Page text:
Empowering Farmers through Knowledge

Namibia: Northern OMAs/Retailers Navigate Beef Procurement Challenges

In a surprising twist that challenges the norm, government offices, ministries, agencies (OMAs), retailers, and private sectors north of the Veterinary Cordon Fence (VCF) are forging their own path, defying directives to procure beef products from northern farmers. This intriguing development, unearthed in the latest annual report by the Meat Corporation of Namibia (Meatco), sheds light on a complex interplay of existing supply contracts, regional dynamics, and the quest for quality.

The Defiance and Its Roots

According to Meatco’s annual report, the defiance observed in the north stems from entrenched supply contracts with southern suppliers. The directive, initially issued by former finance minister Calle Schlettwein in 2019, urged public and private entities, local authorities, and state-owned businesses to source their beef from northern suppliers. However, the report indicates that some entities in the Northern Communal Areas (NCA) are still bound by existing contracts with suppliers south of the VCF.

Challenges and Unsatisfactory Compliance

The Public Procurement Unit echoed these sentiments earlier this year, reporting unsatisfactory compliance with the directive. Meatco’s assessment underlines the reluctance of OMAs, retailers, and hospitality operators in the NCA to transition to northern suppliers. Despite this, the Association of Abattoirs in the NCA emphasizes the necessity of concerted efforts to prioritize abattoirs in the NCA during government procurement.

Quality Dispute: Fact or Fiction?

Amid claims of differences in product quality, Meatco staunchly refutes these observations. According to the meat giant, products from the Katima Mulilo Abattoir and the Meatco Mobile Slaughter Unit meet the same high standards as those sourced from south of the VCF. This assertion challenges preconceived notions about the quality of beef products originating from different regions.

The Ripple Effect: Demand for Alternative Markets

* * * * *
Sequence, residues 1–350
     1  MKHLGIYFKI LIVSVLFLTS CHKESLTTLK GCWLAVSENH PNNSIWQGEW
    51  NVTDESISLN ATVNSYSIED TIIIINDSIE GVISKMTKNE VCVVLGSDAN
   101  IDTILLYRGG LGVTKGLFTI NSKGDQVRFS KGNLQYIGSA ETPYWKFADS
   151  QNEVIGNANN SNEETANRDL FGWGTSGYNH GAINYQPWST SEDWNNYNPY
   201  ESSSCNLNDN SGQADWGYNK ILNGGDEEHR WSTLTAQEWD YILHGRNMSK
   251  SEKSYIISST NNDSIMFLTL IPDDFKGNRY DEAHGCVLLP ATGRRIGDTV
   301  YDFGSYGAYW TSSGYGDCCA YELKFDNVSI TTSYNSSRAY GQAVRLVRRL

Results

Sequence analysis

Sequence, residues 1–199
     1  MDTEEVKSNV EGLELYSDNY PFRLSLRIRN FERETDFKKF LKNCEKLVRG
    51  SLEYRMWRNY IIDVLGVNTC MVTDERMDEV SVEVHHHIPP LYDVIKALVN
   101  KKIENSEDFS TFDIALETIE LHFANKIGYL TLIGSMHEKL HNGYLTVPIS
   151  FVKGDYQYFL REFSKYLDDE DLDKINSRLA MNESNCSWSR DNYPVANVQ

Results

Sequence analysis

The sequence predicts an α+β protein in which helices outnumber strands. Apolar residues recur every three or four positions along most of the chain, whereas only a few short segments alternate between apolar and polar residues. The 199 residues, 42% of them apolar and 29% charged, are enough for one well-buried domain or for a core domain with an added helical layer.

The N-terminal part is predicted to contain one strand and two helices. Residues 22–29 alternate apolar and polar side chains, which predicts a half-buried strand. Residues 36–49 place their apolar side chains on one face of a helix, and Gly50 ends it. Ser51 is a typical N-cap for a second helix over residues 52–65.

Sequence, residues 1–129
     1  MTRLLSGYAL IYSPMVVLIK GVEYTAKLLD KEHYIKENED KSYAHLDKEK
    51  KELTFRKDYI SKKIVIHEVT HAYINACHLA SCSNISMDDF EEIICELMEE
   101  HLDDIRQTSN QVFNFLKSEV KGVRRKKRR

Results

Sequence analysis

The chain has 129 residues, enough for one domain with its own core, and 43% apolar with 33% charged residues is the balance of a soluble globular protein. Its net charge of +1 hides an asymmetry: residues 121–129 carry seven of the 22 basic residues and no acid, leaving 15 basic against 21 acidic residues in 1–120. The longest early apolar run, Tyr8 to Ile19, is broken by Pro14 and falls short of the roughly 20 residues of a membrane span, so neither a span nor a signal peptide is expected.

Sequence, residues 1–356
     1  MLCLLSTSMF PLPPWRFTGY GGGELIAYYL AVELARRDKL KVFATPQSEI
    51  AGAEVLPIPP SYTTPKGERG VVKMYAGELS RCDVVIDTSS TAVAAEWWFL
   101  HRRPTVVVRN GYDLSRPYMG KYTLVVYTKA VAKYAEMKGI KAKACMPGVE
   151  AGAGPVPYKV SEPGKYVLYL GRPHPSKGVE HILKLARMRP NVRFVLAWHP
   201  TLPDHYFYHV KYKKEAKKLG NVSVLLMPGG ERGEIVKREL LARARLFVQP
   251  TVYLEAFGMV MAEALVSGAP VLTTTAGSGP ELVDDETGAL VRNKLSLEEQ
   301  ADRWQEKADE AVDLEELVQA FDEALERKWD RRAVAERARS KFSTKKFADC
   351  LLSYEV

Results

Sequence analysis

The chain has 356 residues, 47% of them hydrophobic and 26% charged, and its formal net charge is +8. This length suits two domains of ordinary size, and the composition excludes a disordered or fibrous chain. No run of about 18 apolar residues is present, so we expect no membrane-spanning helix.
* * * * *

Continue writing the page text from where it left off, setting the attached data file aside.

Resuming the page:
As a consequence of this defiance, farmers north of the redline are pushing for access to alternative markets, including those south of the redline. Notably, over 44% of beef production from the Katima Mulilo Abattoir is consumed in southern regions, with only 34% sold in northern markets and 22% exported within Africa. The call for access to southern markets is gaining momentum, fueled by a desire to diversify and expand market reach.

Market Dynamics and Regional Export Growth

The Katima Mulilo Abattoir, despite facing challenges with low slaughter numbers due to quarantine restrictions, has emerged as a crucial player in the export market. With products marketed in the Veterinary Cordon Fence (VCF), Angola, Ghana, and the Democratic Republic of Congo (DRC), this abattoir is contributing significantly to regional trade. Notably, the abattoir primarily processes ‘C’-grades (88.8%), ‘B’-grades (10.2%), and ‘AB’-grade animals (about 1%).

Future Prospects and Market Expansion

The NCA recently welcomed another exporting abattoir in Rundu, amplifying the demand for beef, including in the NCA market itself. This signals a positive shift in market dynamics, offering opportunities for increased beef production and trade within and beyond Namibia’s borders.

In conclusion, the defiance displayed by northern OMAs and retailers against beef procurement orders introduces a fascinating dynamic into Namibia’s beef industry. The ongoing debate about quality, coupled with the call for alternative markets, positions the sector for growth and transformation. As regional dynamics evolve, the beef industry in Namibia may witness a paradigm shift, creating new opportunities and challenges for stakeholders.